"You can't game the system," said former federal prosecutor Henry E. Hockeimer Jr. "You can't create this subterfuge. These are drug crimes, not national security cases. If you don't draw the line here, where do you draw it?"

Some lawyers say there can be legitimate reasons for not revealing sources. Robert Spelke, a former prosecutor who spent seven years as a senior DEA lawyer, said some sources are classified. But he also said there are few reasons why unclassified evidence should be concealed at trial.

"It's a balancing act, and they've doing it this way for years," Spelke said. "Do I think it's a good way to do it? No, because now that I'm a defense lawyer, I see how difficult it is to challenge."


One current federal prosecutor learned how agents were using SOD tips after a drug agent misled him, the prosecutor told Reuters. In a Florida drug case he was handling, the prosecutor said, a DEA agent told him the investigation of a U.S. citizen began with a tip from an informant. When the prosecutor pressed for more information, he said, a DEA supervisor intervened and revealed that the tip had actually come through the SOD and from an NSA intercept.

"I was pissed," the prosecutor said. "Lying about where the information came from is a bad start if you're trying to comply with the law because it can lead to all kinds of problems with discovery and candor to the court." The prosecutor never filed charges in the case because he lost confidence in the investigation, he said.

A senior DEA official said he was not aware of the case but said the agent should not have misled the prosecutor. How often such misdirection occurs is unknown, even to the government; the DEA official said the agency does not track what happens with tips after the SOD sends them to agents in the field.

The SOD's role providing information to agents isn't itself a secret. It is briefly mentioned by the DEA in budget documents, albeit without any reference to how that information is used or represented when cases go to court.

The DEA has long publicly touted the SOD's role in multi-jurisdictional and international investigations, connecting agents in separate cities who may be unwittingly investigating the same target and making sure undercover agents don't accidentally try to arrest each other.


The unit also played a major role in a 2008 DEA sting in Thailand against Russian arms dealer Viktor Bout; he was sentenced in 2011 to 25 years in prison on charges of conspiring to sell weapons to the Colombian rebel group FARC. The SOD also recently coordinated Project Synergy, a crackdown against manufacturers, wholesalers and retailers of synthetic designer drugs that spanned 35 states and resulted in 227 arrests.

Since its inception, the SOD's mandate has expanded to include narco-terrorism, organized crime and gangs. A DEA spokesman declined to comment on the unit's annual budget. A recent LinkedIn posting on the personal page of a senior SOD official estimated it to be $125 million.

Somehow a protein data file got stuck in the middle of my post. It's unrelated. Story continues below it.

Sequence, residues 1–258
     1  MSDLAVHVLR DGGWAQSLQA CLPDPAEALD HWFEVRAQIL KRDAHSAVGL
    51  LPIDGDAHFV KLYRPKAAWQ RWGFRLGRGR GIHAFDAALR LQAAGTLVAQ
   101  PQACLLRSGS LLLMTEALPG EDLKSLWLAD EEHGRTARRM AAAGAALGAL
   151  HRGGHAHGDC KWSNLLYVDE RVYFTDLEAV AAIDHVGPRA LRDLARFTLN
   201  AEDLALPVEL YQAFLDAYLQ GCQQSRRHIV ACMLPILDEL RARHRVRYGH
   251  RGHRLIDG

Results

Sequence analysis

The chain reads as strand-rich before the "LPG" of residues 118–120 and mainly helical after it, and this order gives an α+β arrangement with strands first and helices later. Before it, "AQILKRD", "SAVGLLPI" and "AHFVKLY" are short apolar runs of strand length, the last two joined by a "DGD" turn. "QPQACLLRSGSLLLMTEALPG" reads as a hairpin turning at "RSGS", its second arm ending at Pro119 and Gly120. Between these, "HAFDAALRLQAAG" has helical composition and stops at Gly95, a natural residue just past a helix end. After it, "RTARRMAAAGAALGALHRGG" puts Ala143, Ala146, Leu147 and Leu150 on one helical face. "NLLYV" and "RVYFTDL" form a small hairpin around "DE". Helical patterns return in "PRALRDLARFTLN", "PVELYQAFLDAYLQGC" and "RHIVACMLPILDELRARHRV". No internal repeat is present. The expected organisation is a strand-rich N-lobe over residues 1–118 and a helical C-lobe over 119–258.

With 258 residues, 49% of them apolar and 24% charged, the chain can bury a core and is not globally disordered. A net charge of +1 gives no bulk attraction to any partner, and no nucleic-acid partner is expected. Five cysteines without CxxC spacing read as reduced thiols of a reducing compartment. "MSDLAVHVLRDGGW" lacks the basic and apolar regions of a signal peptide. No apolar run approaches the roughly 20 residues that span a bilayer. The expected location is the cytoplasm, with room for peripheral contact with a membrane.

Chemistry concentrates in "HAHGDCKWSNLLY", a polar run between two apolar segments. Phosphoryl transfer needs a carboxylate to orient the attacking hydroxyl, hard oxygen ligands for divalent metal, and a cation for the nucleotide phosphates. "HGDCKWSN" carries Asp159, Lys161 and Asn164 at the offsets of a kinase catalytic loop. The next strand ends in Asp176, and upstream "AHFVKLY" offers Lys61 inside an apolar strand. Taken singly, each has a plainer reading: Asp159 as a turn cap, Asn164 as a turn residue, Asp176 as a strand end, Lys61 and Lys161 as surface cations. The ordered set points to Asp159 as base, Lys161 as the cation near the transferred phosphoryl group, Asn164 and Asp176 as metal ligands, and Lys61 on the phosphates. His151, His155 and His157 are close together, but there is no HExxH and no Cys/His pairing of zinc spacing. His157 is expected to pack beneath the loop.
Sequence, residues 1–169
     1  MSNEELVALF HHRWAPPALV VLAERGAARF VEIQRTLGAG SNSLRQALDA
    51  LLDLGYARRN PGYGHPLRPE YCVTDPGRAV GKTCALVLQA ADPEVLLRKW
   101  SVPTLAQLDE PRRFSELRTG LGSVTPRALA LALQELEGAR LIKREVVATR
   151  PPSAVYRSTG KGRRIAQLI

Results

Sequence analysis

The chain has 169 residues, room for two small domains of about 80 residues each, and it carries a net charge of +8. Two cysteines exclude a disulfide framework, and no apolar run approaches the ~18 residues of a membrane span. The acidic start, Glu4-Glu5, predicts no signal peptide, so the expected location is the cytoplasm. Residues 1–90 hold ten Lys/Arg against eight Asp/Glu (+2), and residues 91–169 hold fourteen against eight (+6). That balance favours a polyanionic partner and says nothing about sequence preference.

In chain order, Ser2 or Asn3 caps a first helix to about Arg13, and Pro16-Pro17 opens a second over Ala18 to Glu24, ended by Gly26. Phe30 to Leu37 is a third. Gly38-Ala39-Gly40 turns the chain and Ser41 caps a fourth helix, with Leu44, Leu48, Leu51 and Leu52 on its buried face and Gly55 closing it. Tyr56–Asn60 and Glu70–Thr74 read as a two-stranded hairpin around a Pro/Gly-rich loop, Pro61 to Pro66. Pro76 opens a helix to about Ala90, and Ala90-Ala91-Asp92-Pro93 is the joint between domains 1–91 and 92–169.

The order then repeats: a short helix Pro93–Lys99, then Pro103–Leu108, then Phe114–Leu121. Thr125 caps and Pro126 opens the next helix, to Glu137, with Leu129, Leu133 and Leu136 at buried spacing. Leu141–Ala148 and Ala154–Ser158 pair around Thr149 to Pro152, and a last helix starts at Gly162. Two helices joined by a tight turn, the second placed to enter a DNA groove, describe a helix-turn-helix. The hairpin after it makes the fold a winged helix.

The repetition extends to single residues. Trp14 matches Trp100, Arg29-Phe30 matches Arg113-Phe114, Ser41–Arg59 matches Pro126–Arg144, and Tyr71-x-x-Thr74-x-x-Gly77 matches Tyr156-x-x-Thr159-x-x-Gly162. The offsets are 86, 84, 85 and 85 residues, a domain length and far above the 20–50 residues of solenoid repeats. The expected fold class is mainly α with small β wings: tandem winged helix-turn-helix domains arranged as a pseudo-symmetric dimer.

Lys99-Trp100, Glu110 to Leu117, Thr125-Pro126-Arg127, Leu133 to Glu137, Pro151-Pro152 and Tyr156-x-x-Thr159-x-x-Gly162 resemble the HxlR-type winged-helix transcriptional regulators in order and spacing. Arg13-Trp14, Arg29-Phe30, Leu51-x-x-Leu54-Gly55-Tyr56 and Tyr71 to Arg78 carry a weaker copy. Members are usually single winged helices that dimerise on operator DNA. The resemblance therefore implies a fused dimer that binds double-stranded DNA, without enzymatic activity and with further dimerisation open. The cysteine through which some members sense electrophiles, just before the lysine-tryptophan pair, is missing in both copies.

Today, the SOD offers at least three services to federal, state and local law enforcement agents: coordinating international investigations such as the Bout case; distributing tips from overseas NSA intercepts, informants, foreign law enforcement partners and domestic wiretaps; and circulating tips from a massive database known as DICE.

The DICE database contains about 1 billion records, the senior DEA officials said. The majority of the records consist of phone log and Internet data gathered legally by the DEA through subpoenas, arrests and search warrants nationwide. Records are kept for about a year and then purged, the DEA officials said.

About 10,000 federal, state and local law enforcement agents have access to the DICE database, records show. They can query it to try to link otherwise disparate clues. Recently, one of the DEA officials said, DICE linked a man who tried to smuggle $100,000 over the U.S. southwest border to a major drug case on the East Coast.

"We use it to connect the dots," the official said.


Wiretap tips forwarded by the SOD usually come from foreign governments, U.S. intelligence agencies or court-authorized domestic phone recordings. Because warrantless eavesdropping on Americans is illegal, tips from intelligence agencies are generally not forwarded to the SOD until a caller's citizenship can be verified, according to one senior law enforcement official and one former U.S. military intelligence analyst.

"They do a pretty good job of screening, but it can be a struggle to know for sure whether the person on a wiretap is American," the senior law enforcement official said.

Tips from domestic wiretaps typically occur when agents use information gleaned from a court-ordered wiretap in one case to start a second investigation.

As a practical matter, law enforcement agents said they usually don't worry that SOD's involvement will be exposed in court. That's because most drug-trafficking defendants plead guilty before trial and therefore never request to see the evidence against them. If cases did go to trial, current and former agents said, charges were sometimes dropped to avoid the risk of exposing SOD involvement.

Current and former federal agents said SOD tips aren't always helpful - one estimated their accuracy at 60 percent. But current and former agents said tips have enabled them to catch drug smugglers who might have gotten away.

"It was an amazing tool," said one recently retired federal agent. "Our big fear was that it wouldn't stay secret."

DEA officials said that the SOD process has been reviewed internally. They declined to provide Reuters with a copy of their most recent review.

(Edited by Blake Morrison)